But how do we get ready for these tribulations? How do we prepare? We prepare by listening to the One who accurately warned about these things in the first place. Of all that Jesus said, how much of it has proven to be untrue? Not one word. Everything He predicted and promised up till now has happened as He said it would. We can trust what Jesus says.
We can trust Him when He says He “came to seek and to save the lost” (Lk. 19:10). He came to save you and me, who were lost in our sins and in the darkness of unbelief. He saved us by substituting His life for ours, the faithful Shepherd for the wayward sheep. We can trust that His words, “It is finished” (Jn. 19:30), apply to His work that was needed to save us and all sinners. The perfect life and the payment for sin that God required of humankind were fully supplied by Jesus. We can trust Him when He says, “In the world you will have tribulation. But take heart; I have overcome the world” (Jn. 16:33). Through His resurrection, Jesus proved that nothing could overcome Him—not sin, not the devil, not the world, and not even death itself.
These are the things to keep in mind as we face tribulation in the world. No matter how great our enemies are, Jesus is greater. But He does not use His power like the world uses its power. The world uses its power to intimidate, to suppress, to silence, to hurt, and to kill. Jesus uses His power to save. In his second epistle the apostle Peter states, “The Lord is not slow to fulfill his promise as some count slowness, but is patient toward you, not wishing that any should perish, but that all should reach repentance” (2Pe. 3:9).
Jesus wants everyone to be saved. He does not want any to be caught sleeping. He does not want any to be condemned. This is why He has His Gospel message proclaimed throughout the world. The same message of salvation that we hear today is also being heard in Peru and Pakistan and China and in countless other places. Our fellow Christians humbly listen to the Law which condemns their sin, and they gladly hear the Gospel which forgives their sin.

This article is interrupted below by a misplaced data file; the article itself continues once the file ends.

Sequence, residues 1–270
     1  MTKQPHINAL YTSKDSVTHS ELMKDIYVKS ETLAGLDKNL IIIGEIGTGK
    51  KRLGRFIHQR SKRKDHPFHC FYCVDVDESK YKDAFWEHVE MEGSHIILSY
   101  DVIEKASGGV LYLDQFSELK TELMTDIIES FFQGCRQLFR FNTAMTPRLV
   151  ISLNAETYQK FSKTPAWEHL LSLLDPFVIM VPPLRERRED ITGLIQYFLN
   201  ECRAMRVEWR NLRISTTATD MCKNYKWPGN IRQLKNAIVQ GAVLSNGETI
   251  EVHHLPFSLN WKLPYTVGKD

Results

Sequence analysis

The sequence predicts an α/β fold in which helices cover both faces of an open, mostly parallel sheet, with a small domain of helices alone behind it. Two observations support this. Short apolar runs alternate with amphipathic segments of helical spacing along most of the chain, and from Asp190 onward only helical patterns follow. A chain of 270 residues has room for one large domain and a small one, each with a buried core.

This powerful Word of God is what prepares us and them for tribulation here, but also for glory in heaven. The apostle Paul writes that “the sufferings of this present time are not worth comparing with the glory that is to be revealed to us” (Rom. 8:18). And Paul suffered plenty, just as the other disciples did. Their tribulation was so great that they expected Jesus to return in glory during their lifetimes. But His time was not yet. There were more souls to save.
And so it is now. The signs of the end times are all here. Jesus could visibly return at any point. Now is not the time to get sleepy. Now is the time to hear and learn His Word. This is what keeps us alert and prepared. It keeps us from getting too comfortable in the world, and it shows us the difference between the true Christ and false christs, between true prophets and false prophets.
Through His Word, the true Christ visits us, though not visibly. He comes to us through the preaching of His Gospel. He says, “where two or three are gathered in my name, there am I among them” (Mt. 18:20). And He comes through His Holy Supper, where He gives His own body and blood for the forgiveness of sins. These are the ways Jesus is present with us “always, to the end of the age” (Mt. 28:20). He does not grow tired of us or reject us, even though we have gotten spiritually sleepy at times and have followed gods of our own making. He leads us to repentance and applies His soul-saving absolution—the full and unconditional forgiveness of all our sins.
Jesus may seem very far away from us, especially when we are experiencing trouble. But in fact, He is very near. He is “a very present help in trouble” (Ps. 46:1). He has not forgotten about us. He covers us in the armor of His righteousness and fills us with the courage that comes from being claimed as His own. The Lord would not forget His chosen ones. He promises that our short time of tribulation in this life will soon give way to eternal glory.
Brief life is here our portion;
Brief sorrow, short-lived care;
The life that knows no ending,
The tearless life, is there.
O happy retribution:
Short toil, eternal rest;
For mortals and for sinners
A mansion with the blest! (ELH #534, v. 3)
Glory be to the Father and to the Son and to the Holy Ghost; as it was in the beginning, is now, and ever shall be, forevermore. Amen.
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(1850 “Siege and Destruction of Jerusalem” painting by David Roberts)